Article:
The Horse Whisperer
Reviewed by Dan Lybarger
May 17, 1998
The Horse Whisperer has several fine components, but it makes a messy whole. Despite some fine performances and intelligent touches, director Robert Redford never overcomes a nagging feeling of incredulity.
Grace Maclean (Scarlett Johansson) may have lost part of her leg in a riding accident, but the mishap took a bigger toll on her soul. Her best friend died, and her beloved horse Pilgrim is wounded and behaves in an unstable manner. When the veterinarian tells Grace's workaholic mom, Annie (Kristin Scott Thomas from The English Patient) that the animal is better off dead, Annie refuses to have Pilgrim put down. Knowing that the horse's recovery may save her daughter from a deepening gloom, she contacts a Montana horse trainer named Tom Booker (Redford). Booker doesn't break horses; he can tame disagreeable horses with a reassuring glance. Annie leaves New York with both Grace and the crazy horse, hoping that Booker can somehow heal both.
The setup has some possibility, but screenwriters Eric Roth (Forrest Gump) and Richard LaGravenese (The Bridges of Madison County), working from the novel by Nicholas Evans, telegraph the emotional thrust of every scene. We know an accident is coming because Grace is taking a shortcut. Big domestic arguments seem almost to happen on cue. At times, it's as if there is a sign flashing on the screen, announcing that it's time to cry. As a result, The Horse Whisperer remains painfully obvious. The movie also suffers from tired city-verses-country clichés and from Redford's limp pacing (the movie runs around two and-a-half hours, and feels it). The anemic ending doesn't do much good, either.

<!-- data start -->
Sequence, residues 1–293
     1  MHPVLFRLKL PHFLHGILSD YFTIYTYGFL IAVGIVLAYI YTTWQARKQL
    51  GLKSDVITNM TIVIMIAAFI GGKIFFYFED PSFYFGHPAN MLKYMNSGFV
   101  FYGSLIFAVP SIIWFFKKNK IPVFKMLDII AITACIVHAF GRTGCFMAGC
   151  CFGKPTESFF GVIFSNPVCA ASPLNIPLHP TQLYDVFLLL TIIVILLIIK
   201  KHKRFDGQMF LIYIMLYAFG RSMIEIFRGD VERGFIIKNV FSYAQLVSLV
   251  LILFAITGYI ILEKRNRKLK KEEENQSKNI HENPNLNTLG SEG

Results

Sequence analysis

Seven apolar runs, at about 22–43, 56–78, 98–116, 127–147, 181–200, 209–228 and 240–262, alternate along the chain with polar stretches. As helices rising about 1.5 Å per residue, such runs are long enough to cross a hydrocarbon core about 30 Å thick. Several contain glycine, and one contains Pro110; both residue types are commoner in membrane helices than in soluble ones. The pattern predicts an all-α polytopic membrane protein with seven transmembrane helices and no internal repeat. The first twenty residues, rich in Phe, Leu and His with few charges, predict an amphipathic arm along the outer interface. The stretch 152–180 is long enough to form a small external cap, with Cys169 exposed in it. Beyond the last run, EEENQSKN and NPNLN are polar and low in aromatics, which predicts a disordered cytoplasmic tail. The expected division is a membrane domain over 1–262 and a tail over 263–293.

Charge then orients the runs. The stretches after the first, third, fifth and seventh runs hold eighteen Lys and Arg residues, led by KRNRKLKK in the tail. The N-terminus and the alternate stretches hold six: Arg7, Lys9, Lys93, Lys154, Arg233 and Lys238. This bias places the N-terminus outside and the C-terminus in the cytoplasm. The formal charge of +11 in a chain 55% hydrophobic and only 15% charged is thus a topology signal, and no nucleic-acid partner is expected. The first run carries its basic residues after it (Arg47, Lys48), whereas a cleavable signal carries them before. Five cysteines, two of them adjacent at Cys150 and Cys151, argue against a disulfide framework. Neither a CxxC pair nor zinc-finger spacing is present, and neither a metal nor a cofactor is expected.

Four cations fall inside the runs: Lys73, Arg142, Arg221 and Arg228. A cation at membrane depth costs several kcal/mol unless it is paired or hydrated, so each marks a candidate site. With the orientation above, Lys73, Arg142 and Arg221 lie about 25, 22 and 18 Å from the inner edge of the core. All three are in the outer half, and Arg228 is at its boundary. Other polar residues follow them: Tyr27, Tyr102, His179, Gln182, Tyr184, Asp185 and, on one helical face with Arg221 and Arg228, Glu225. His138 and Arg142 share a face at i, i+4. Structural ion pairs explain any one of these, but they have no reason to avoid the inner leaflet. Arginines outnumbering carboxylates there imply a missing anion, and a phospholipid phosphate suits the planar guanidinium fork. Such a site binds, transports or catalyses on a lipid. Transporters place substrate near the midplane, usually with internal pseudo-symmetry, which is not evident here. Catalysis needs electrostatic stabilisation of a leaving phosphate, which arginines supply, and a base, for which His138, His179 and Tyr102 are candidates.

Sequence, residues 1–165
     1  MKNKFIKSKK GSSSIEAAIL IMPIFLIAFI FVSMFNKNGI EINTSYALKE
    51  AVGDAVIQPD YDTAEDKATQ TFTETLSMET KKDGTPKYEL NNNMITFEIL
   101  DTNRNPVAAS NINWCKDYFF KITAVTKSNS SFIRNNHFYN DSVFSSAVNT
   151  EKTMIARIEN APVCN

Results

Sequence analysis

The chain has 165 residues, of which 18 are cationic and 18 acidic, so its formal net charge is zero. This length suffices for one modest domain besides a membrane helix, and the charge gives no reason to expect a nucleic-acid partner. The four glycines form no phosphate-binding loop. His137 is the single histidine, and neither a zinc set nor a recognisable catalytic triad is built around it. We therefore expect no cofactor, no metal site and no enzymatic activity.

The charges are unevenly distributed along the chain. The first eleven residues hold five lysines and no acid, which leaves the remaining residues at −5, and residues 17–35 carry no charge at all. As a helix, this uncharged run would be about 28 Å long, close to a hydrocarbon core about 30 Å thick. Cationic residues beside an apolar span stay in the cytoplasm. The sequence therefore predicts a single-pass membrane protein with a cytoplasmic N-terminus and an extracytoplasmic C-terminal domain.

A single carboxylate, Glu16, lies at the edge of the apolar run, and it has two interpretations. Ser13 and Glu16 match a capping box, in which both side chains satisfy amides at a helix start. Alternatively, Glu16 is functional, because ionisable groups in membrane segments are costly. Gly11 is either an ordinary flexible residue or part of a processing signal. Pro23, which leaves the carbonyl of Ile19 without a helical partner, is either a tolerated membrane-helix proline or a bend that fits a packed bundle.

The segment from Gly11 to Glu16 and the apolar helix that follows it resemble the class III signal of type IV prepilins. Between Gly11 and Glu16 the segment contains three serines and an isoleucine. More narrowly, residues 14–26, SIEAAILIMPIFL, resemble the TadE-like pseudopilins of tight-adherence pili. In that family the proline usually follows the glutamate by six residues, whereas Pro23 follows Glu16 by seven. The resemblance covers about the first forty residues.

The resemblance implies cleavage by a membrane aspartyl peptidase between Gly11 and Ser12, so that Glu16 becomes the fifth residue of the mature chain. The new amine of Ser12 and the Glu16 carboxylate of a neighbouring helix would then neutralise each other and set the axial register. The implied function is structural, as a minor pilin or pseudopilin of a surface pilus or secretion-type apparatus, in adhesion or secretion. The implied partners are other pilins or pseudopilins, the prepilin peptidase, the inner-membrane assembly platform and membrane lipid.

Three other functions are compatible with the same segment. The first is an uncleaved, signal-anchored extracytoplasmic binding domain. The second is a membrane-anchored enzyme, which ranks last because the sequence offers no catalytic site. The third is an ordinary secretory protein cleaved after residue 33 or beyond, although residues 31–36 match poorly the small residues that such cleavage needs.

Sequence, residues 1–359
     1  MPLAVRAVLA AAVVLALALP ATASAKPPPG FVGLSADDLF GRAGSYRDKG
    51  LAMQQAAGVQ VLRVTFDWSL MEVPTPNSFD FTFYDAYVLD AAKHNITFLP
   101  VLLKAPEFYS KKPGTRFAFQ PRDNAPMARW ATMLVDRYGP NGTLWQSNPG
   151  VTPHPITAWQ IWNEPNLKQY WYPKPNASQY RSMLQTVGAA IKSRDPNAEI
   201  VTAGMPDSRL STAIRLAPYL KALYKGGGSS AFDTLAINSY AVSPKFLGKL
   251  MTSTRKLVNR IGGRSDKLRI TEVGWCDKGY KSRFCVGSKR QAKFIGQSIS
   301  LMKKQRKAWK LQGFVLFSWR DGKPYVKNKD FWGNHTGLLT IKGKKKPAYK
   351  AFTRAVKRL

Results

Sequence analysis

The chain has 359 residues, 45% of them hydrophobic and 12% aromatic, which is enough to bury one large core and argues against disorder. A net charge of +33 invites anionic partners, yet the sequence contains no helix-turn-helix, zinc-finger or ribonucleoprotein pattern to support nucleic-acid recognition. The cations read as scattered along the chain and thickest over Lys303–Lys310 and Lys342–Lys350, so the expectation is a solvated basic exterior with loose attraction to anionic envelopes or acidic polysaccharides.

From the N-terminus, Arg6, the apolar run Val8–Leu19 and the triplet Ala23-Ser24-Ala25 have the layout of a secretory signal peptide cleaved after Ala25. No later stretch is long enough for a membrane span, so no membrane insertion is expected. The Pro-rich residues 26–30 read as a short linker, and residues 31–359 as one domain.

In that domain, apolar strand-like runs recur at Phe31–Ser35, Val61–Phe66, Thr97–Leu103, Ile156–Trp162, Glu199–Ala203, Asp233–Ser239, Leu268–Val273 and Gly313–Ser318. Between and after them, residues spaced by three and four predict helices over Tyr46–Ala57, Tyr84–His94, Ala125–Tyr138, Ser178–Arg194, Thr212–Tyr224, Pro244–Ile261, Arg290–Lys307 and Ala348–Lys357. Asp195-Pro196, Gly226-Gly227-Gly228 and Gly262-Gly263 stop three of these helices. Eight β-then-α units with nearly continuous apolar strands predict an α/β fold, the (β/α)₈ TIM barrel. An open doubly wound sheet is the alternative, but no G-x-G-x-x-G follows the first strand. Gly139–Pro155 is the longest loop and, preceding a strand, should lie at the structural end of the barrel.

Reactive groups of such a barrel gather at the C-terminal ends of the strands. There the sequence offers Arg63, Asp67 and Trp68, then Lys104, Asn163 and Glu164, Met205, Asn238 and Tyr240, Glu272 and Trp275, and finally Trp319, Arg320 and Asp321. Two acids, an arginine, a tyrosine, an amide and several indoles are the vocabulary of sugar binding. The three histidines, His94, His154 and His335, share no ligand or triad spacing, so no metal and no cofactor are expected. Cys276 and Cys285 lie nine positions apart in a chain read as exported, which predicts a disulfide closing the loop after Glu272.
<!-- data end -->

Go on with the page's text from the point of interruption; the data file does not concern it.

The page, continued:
It should be noted that despite its rather heavy-handed attempts at pathos, The Horse Whisperer is far from a bad film. There is solid craftsmanship throughout. Oliver Stone stalwart Robert Richardson's cinematography is remarkably creative and breathtaking. There's always something to look at, even if the story goes flat. Montana is marvelously captured, and the colors have a fascinating muted quality. The dialogue has some clever passages (the remarks about an ideal vacation are quite funny), and Thomas is terrific in the lead. She and Redford never shed their clothes, but sparks occasionally fly.
Still there's only so much that craftsmanship can salvage from something as programmed and maudlin as this. The Horse Whisperer does tug at your emotions, but its constant tugging gets rather numbing (PG-13). Rating: 5.
Robert Redford is the founder of the Sundance Institute, which has been vital to the rise of independent film. Clickhere to learn more.
Click here for a look aRedford fan page.
Click here to order the novel of The Horse Whisperer inhard cover or paperback.
Click here to order thecompanion volume to the movie.
This page was last updated on 05/17/98.